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PPC Management: Measuring ROI

Adrian Singer, 11-19-2007
Making money with PPC is easy (!) as long as you understand the basic math involved.

There is a three letter acronym you might have heard about, that is "the secret" of all PPC millionaires.

It's called ROI and it stands for Return On Investment.

If you spend $100 to make a $200 profit, your ROI is 2 to 1.

Quote:
PPC success is achieved by simply measuring your ROI and continually taking the necessary steps to improve it.

Measuring your ROI

I am always surprised at how many companies out there, spend thousands of dollars on Pay Per Click marketing, without taking 5 minutes to setup a way to measure their ROI.

If you're not tracking your conversions, you shouldn't be doing PPC to begin with.

Remember the quote above about PPC success? If you don't know your ROI on a per product/keyword level, you'll never be able to take the necessary steps to improve it.

In order to measure your ROI you have to do two things.

First, you need to Install Google's Conversion tracker on your shopping-cart "thank you" page. You will have to pass the total amount of the purchase to Google's conversion tracker.

Second, you need a system (basic spreadsheet would do) where you list your cost of sales per every offer you are promoting. Cost of sales is defined as "The cost of goods sold plus any expenses incurred in the selling and delivery of the product or service.".

It is super important for you to know your true cost of sales, because it is part of the ROI formula.

Once you have everything, you should be able to look at a PPC campaign that looks like this:



and calculate the ROI for every single product.

Before you go any further, look at the chart above and try to guess which of the two products is more profitable? Is it the first one or the second one?

Take your pick......... Now.

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Without ROI data, all you can do is guess. Now let me show you why ROI data is so valuable.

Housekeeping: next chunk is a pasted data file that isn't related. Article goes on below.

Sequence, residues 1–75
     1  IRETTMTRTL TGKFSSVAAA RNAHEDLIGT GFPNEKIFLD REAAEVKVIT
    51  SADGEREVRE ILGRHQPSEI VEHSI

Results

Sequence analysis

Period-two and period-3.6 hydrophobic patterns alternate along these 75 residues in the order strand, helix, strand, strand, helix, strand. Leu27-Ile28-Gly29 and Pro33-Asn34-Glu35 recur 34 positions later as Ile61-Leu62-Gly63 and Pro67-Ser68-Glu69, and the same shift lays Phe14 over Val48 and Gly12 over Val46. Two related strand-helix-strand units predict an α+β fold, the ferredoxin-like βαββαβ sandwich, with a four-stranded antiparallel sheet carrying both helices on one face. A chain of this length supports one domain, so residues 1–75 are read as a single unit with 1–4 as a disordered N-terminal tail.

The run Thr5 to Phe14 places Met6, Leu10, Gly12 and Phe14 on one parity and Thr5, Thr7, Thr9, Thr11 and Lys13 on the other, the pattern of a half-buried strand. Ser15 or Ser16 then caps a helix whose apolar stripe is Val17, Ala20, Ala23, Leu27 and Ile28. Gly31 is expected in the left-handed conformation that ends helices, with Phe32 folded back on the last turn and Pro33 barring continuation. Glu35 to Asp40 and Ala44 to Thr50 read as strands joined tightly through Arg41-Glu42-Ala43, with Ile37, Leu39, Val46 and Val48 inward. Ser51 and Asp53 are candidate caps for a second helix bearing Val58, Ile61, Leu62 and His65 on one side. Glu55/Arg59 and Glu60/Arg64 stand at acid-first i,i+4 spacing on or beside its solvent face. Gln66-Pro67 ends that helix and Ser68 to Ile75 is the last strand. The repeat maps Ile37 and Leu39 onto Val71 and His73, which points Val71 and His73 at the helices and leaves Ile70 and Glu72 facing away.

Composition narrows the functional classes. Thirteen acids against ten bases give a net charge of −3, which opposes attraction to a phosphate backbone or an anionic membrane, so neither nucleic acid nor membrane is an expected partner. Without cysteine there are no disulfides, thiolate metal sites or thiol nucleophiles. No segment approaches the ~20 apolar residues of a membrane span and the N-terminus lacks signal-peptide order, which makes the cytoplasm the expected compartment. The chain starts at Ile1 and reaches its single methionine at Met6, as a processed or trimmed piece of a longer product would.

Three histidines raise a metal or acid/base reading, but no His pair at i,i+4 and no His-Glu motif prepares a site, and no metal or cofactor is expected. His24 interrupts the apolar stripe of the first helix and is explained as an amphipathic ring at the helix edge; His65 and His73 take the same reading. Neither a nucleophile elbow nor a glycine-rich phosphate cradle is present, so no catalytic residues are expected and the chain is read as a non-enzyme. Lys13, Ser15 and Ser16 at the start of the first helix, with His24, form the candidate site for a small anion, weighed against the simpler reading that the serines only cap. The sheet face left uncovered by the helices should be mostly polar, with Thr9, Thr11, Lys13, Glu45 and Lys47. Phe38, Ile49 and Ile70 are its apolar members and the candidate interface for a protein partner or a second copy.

For the purpose of this example, let's assume -

* Product A (first row) sells for $23 a pop and costs us $6 per sale.
* Product B (second row) is an affiliate offer that pays $48.84 a sale and costs us a flat $20 (paying a copywriter once a week to tweak the copy).

Applying the "cost of sales" to the chart above, yields:

== Product A ==

Total conversions = 60;
Gross Sales = 60 * $23 = $1,380.00
Cost of advertising = $1,256.31

Gross sales - Cost of advertising = $123.69

Seems like we have a $123.69 profit, rght?

Wrong.

Cost of sales = 60 * $6 = $360
Product A ROI = (Gross sales) - (Cost of PPC) - (Cost of sales) = -$236.31

== Product B ==

Total conversions = 50
Gross Sales = 50 * $48.84 = $2,442
Cost of advertising = $2,379.25

Gross Sales - Cost of advertising = $62.75

Without applying the Cost of sales, it would seem like Product A has a better return on our investment and we should continue pushing it.

Once you apply the cost of sales to the formula, you can see the ROI for Product is positive, while Product A is losing money.

Cost of Sales = $20
Product B ROI = (Gross sales) - (Cost of PPC) - (Cost of sales) = $42.75



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In conclusion,

Google's reported Cost-Per-Acquisition is deceiving. Make sure you always focus on ROI, not CPA.

Oh, and if you're an affiliate promoting an offer where they don't allow you to install your conversion-tracker on the "thank you" page, do yourself a favor and skip that offer.
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